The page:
To answer the above questions, I searched the web. I first started looking for images on Astrobin. That resulted in bringing up images by 2 people. One of them has exceptional images and even the second person's images are decent (at least the underlying data seems to be really good). They both seemed to be using a 4/3 sensor and achieving a fairly flat field. I don't know any other specifics - like if they are using a reducer or a flattener in their imaging train. Of the two people, one is using the STT8300 with FW and AO. That system by itself uses up 103mm of back focus, but I don't know what focuser that person is using - so there is no way for me to know what the actual back focus is. Regardless, I would still wanted to know if Meade had published the scope's back focus anywhere - but there is nothing on the web or on Meade's website.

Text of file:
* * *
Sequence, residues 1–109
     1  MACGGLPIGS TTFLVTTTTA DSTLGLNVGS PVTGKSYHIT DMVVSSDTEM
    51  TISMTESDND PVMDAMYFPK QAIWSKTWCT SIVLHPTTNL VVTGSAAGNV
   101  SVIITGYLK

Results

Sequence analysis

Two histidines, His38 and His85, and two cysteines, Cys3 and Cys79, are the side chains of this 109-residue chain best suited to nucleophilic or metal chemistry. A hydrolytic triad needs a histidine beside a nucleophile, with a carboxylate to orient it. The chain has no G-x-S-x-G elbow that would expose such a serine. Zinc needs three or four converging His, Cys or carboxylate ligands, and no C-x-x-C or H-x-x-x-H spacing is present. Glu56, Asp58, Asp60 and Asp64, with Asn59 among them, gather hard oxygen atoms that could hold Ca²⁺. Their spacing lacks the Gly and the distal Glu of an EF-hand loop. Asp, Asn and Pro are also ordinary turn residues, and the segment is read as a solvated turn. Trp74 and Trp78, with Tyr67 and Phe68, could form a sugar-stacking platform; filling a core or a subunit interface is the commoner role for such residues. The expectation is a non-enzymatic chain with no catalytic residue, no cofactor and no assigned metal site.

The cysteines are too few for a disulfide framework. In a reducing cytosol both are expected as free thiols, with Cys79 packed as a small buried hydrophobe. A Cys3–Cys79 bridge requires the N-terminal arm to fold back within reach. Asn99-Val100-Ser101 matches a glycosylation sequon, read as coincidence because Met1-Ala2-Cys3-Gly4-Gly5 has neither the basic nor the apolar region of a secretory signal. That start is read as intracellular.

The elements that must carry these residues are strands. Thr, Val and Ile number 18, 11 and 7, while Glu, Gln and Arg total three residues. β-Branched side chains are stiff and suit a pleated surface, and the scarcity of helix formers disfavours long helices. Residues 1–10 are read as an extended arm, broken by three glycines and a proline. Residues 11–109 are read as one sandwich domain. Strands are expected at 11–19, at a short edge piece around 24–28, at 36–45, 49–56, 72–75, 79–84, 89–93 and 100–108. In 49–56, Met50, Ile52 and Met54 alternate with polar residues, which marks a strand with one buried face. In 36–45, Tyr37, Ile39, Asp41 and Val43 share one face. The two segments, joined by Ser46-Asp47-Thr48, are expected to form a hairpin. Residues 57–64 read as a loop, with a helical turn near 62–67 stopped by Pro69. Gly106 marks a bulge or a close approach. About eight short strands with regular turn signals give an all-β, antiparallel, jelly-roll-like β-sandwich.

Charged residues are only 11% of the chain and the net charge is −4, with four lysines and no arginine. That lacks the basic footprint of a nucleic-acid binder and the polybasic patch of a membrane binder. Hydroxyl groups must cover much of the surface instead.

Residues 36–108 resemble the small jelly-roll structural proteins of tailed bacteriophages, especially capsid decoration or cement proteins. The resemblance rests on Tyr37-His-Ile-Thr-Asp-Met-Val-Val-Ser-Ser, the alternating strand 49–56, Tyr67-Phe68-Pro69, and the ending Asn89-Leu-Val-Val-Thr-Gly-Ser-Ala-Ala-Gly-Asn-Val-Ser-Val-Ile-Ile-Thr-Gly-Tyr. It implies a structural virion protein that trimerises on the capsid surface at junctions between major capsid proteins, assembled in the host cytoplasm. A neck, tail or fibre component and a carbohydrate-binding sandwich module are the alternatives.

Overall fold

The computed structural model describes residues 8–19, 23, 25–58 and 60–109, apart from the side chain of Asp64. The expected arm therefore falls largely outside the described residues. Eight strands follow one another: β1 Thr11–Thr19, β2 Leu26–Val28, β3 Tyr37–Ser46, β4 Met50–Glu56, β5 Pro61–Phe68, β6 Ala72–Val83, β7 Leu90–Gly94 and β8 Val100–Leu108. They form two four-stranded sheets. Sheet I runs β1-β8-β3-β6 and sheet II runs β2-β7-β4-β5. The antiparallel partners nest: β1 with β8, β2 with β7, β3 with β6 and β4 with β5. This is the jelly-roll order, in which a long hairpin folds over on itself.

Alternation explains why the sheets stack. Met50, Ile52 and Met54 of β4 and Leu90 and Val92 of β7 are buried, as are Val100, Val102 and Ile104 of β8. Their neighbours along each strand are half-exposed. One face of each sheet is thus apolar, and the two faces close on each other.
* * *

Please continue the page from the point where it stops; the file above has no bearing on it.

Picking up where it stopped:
Next, I called up a couple of my imaging friends - primarily Chris F. Both live in the Austin area. Chris actually uses a Meade F10 scope for imaging (he recently made a post about resurrecting his Meade F10 for DSO imaging on this forum. While Chris did not have an exact answer for the back focus (he said his camera hangs about a foot from the flange of the scope) - he did mention that when he used a full frame camera (DSLR) for testing, he could see that most of the field was pretty flat (maybe just a bit of curvature at the extreme edges of the field, but nothing that couldn't be cropped out). His current set up includes a 4/3 sensor (ZWO1600) and that produces a flat field. That seemed to be consistent with the images that I was seeing on the web. He also mentioned that he uses two reducer/flatteners - AP27TVPH and Optec Lepus. Given that his scope hangs at about a foot from the flange, that changes the focal ratio at which he images - makes it F12 (native). With the two reducers that he uses, he can bring that down to around F8 or F5, depending on how he uses it. However, again, while encouraging, this did not give me Meade's take on the back focus for the scope itself. This being critical because I wasn't sure if I could use the NC and achieve automation. One thing that was becoming quite apparent was that a 4/3 chip would be the most workable chip with this scope without having to worry about field curvature.